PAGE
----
Five years ago: The Centers for Disease Control and Prevention confirmed that a health care worker at the Texas hospital where Ebola victim Thomas Eric Duncan was treated before his death had tested positive for the illness in the first known case of Ebola being contracted or transmitted in the U.S. (The worker, later identified as nurse Nina Pham, was treated and declared free of Ebola.) Mississippi State was the new No. 1 in The Associated Press college football poll, replacing Florida State and making the fastest rise to the top spot in the history of the poll. (The Bulldogs were the first team in the poll's 78-year history to go from unranked to No. 1 in five weeks.)

One year ago: Search and rescue teams found the body of a hurricane victim in Mexico Beach, the Florida panhandle town that was nearly obliterated by Hurricane Michael; the death toll across the South reached at least 14. Pope Francis accepted the resignation of the archbishop of Washington, Cardinal Donald Wuerl, after he became entangled in two major sexual abuse and cover-up scandals. American pastor Andrew Brunson flew out of Turkey after a Turkish court convicted him of terror links but freed him from house arrest; he'd already spent nearly two years in detention. Roelof "Pik" Boetha, the last foreign minister of South Africa's apartheid era, died at the age of 86.

Today's Birthdays: Former Sen. Jake Garn, R-Utah, is 87. Singer Sam Moore (formerly of Sam and Dave) is 84. Broadcast journalist Chris Wallace is 72. Actress-singer Susan Anton is 69. Pop/rock singer/songwriter Jane Siberry is 64. Actor Hiroyuki Sanada is 59. Actor Carlos Bernard is 57. Jazz musician Chris Botti (BOH'-tee) is 57. Rhythm-and-blues singer Claude McKnight (Take 6) is 57. Rock singer Bob Schneider is 54. Actor Hugh Jackman is 51. Actor Adam Rich is 51. Rhythm-and-blues singer Garfield Bright (Shai) is 50. Country musician Martie Maguire (Courtyard Hounds, The Dixie Chicks) is 50. Actor Kirk Cameron is 49. Olympic gold medal skier Bode Miller is 42. Rock singer Jordan Pundik (New Found Glory) is 40. Actor Brian J. Smith is 38. Actor Tyler Blackburn is 33. Actor Marcus T. Paulk is 33. Actress Ito Aghayere is 32. Actor Josh Hutcherson is 27.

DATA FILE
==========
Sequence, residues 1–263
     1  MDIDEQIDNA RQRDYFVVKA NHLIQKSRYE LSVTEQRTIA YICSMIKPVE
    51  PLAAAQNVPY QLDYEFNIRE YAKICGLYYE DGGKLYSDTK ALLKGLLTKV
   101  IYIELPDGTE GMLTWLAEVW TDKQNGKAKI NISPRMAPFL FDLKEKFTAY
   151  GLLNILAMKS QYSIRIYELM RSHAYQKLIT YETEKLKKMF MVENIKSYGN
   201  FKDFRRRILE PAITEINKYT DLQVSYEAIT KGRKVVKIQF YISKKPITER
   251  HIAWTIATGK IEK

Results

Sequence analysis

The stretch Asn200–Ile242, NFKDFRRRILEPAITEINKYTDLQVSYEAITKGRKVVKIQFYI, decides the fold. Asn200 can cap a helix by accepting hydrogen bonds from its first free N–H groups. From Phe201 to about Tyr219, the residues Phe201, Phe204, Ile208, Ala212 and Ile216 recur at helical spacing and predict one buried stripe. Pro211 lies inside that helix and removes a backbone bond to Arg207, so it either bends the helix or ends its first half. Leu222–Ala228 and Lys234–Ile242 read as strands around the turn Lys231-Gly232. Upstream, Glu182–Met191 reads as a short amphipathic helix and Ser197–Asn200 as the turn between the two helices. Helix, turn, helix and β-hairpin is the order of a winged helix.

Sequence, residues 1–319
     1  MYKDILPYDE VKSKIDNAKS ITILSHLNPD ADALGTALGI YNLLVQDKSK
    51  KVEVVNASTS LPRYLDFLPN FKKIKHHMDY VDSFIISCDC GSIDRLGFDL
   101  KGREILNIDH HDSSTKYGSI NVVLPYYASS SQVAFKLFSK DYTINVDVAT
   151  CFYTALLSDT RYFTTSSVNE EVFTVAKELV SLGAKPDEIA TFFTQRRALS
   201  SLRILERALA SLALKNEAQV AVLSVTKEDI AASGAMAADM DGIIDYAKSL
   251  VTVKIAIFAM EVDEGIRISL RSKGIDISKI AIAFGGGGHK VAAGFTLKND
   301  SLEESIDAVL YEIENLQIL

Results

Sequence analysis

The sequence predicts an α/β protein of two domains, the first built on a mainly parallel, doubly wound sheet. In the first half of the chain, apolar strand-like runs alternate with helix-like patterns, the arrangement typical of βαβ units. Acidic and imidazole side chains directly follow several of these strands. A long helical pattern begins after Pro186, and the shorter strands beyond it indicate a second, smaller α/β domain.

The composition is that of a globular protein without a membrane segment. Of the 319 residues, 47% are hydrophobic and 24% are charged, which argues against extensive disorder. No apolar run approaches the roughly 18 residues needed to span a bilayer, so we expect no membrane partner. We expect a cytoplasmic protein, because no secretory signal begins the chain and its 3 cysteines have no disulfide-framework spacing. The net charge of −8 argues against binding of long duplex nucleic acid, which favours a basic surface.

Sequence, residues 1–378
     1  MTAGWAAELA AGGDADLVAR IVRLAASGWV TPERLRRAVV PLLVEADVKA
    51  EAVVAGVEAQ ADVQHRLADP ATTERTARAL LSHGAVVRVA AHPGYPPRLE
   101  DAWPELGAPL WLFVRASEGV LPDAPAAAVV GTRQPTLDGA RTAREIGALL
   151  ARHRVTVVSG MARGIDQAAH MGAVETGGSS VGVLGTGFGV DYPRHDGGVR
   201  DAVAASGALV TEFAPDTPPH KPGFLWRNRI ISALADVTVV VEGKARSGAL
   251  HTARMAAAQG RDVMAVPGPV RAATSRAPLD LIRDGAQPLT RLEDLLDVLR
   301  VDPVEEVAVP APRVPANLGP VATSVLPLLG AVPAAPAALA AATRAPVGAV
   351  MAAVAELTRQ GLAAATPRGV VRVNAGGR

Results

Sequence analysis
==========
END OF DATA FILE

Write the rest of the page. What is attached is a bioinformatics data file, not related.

Thought for Today: "The want of logic annoys. Too much logic bores. Life eludes logic, and everything that logic alone constructs remains artificial and forced." — Andre Gide, French author and critic (1869-1951).